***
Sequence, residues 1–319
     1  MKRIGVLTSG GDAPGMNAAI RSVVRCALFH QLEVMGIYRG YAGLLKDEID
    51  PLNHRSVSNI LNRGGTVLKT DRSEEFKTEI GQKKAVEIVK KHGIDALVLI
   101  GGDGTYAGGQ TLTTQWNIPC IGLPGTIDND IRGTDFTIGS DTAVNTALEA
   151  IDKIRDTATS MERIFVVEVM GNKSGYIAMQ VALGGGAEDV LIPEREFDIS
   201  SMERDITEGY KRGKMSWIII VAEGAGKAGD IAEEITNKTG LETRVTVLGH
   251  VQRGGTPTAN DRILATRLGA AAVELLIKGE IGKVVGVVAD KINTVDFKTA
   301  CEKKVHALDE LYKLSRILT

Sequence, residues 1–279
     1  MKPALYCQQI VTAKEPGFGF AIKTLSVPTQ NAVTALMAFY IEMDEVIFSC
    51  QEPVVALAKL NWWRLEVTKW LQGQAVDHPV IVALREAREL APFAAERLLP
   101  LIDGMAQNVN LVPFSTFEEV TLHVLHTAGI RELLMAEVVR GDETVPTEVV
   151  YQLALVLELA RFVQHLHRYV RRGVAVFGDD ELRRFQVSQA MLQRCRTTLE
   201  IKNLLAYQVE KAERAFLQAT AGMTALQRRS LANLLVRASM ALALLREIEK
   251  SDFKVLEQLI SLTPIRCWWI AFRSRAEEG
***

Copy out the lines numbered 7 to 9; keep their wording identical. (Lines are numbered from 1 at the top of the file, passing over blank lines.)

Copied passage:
   251  VQRGGTPTAN DRILATRLGA AAVELLIKGE IGKVVGVVAD KINTVDFKTA
   301  CEKKVHALDE LYKLSRILT

Sequence, residues 1–279